Note: Each spring, St. Mike’s has a symposium showcasing student work of all kinds scholastic and creative. The English Department usually offers a number of sessions, including presentations by seniors, as well as “Writers Reading Their Writing,” which showcases our creative writing students. In 2014, Nick Lemon, English major and writing coach par excellence, read the following essay about the joys of being a major in our department. Although it made us blush with pride, we post it here with his permission.
When I started thinking about what to read today, I had this idea about writing a letter to my English teacher from high school who told me not to become an English major. Since I wound up becoming one, I thought that’d be fun, so I started writing. It stopped being a letter to her and became a shout-out to the Saint Mike’s English department. I figured they deserve a little credit for their troubles…
When I was a sophomore in high school, my English teacher scared the crap out of me. On our first day, she stood by the classroom door and requested we take off hats and spit out gum. I always wore a hat so I was completely thrown off when she asked me to remove mine, but I was too passive to argue. I just pulled it off, found a desk in the back of the room, and fumed silently to myself.
Going over the syllabus for the class, I can remember thinking that Mrs. Sullivan was absurdly strict. No hats, no gum, no late work accepted. Zero credit for late work. No exceptions. I’m sorry, like, no credit at all? Now that I’m at the end of my college career, how enraged I was at these policies illustrates my immaturity at the time, but they were truly concerning for me. I hated Mrs. Sullivan, and I was going to hate her class, too.
For the first quarter, I kept to myself. I struggled to write one page on what I thought the meaning of humanity was: that was our first assignment. I kept getting homework back with Please See Me scrawled beautifully in green ink at the top, and I would just roll my eyes as I stuck the newest returned assignment into my binder. I made sure to never be the last one out of class, lest she ensnare me and force me to talk. I managed to exist on avoidance until my first quarter grades came in; there was a glaring 78 next to “Intermediate English,” the lowest grade I’d ever received in my life. I was convinced it was the product of having the most difficult teacher that had ever existed in the history of the world, but my mom told me I needed to go talk to her anyway. There would be no negotiation.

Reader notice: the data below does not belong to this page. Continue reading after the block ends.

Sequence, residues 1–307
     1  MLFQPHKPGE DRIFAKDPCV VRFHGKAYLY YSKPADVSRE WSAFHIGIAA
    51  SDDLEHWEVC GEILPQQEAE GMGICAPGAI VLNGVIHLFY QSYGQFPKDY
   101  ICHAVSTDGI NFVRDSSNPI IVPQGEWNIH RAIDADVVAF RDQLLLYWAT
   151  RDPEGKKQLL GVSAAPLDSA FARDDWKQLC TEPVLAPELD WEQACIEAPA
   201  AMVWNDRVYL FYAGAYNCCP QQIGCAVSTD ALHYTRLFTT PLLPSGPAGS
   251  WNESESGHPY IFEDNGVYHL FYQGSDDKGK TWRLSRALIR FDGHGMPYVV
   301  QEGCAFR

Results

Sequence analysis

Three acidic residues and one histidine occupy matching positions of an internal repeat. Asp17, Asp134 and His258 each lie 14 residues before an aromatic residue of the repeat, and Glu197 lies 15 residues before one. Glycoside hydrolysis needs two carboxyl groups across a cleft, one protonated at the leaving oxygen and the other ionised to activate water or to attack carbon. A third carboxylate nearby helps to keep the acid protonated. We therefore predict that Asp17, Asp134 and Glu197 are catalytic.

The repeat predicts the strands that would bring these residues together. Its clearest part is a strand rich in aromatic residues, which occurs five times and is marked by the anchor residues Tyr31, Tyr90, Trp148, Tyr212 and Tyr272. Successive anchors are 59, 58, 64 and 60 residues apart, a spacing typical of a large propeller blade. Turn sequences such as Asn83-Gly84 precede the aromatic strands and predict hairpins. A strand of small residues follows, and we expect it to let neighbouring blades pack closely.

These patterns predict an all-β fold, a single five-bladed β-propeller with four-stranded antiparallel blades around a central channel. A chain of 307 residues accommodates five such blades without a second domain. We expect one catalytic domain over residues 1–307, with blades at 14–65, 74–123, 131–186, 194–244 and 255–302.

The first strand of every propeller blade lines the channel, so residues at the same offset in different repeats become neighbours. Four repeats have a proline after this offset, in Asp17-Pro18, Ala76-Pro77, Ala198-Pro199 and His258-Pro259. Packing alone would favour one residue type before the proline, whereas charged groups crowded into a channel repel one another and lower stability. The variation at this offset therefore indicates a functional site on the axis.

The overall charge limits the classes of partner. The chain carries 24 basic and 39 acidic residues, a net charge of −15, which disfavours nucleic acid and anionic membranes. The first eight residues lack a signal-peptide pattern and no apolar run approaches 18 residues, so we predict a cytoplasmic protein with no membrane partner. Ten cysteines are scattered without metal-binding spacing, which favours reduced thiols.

This is how I found myself staying after class one day with the latest Please See Me assignment in hand. It was supposed to be a character analysis of Simon from Lord of the Flies, but was really just some re-worded SparkNotes quotes, though I did have some excerpts from the text itself. Mrs. Sullivan asked how she could help. I didn’t have an answer.
“Uh, you asked me to come see you?” I held up the paper like a shield, and she began. All I can remember from that meeting is, as I was leaving, the most astounding thing happened:
“All I’m asking,” she said, and I’m paraphrasing here, “is for you to go home, sit down, and think.” Mrs. Sullivan had an attitude and, for some completely unknown reason, my own developed in this moment.
“But it’s soooooo hardddddd,” I joked, frustrated.
“Go!” she ordered, and as I turned around to say “fine,” she stuck out her tongue at me and blew. Thppppppppp! That was the catalyst for every awful emotion I had ever harbored toward her. That simple, puerile act knocked the unwarranted disdain right out of me. I consider that to be one of the most formative encounters of my life.
The rest of my Sophomore year grew from that magical moment. I started thinking, started to develop an understanding of humanity, and started going to see Mrs. Sullivan of my own volition. She quickly became my favorite teacher; I had never wanted to do so well in any of my classes before, and I had certainly never worked so hard. I finished out the year with a grade in the mid-90s.
I decided to take Early British Literature with Mrs. Sullivan the fall semester of my Junior year. It was the best. I was captivated by Old English, and Middle English, and the class made me realize that I should probably be an English major. In talking with Mrs. Sullivan, though, she had mentioned that being an English major had ruined books for her. She was far too critical of everything now, and couldn’t enjoy trashier novels like she used to. For me, on the other hand, being critical made English fun. That, and being able to piece together meanings from symbols and archetypes. It was possible for the tiniest detail to be the most important aspect of a novel; reading became a puzzle. It was nowhere near ruined.
So when I got to the end of high school, I still wanted to major in English. I went to Mrs. Sullivan to ask her to sign my yearbook, and as she was doing so, she asked what I was thinking about for a concentration.
“I’m thinking of English,” I told her, smiling to myself. She’d be proud, right, because she’d completely turned me around and I loved her classes so much I couldn’t stop thinking about them, couldn’t stop going after class to hash out the smallest details of our latest assignment.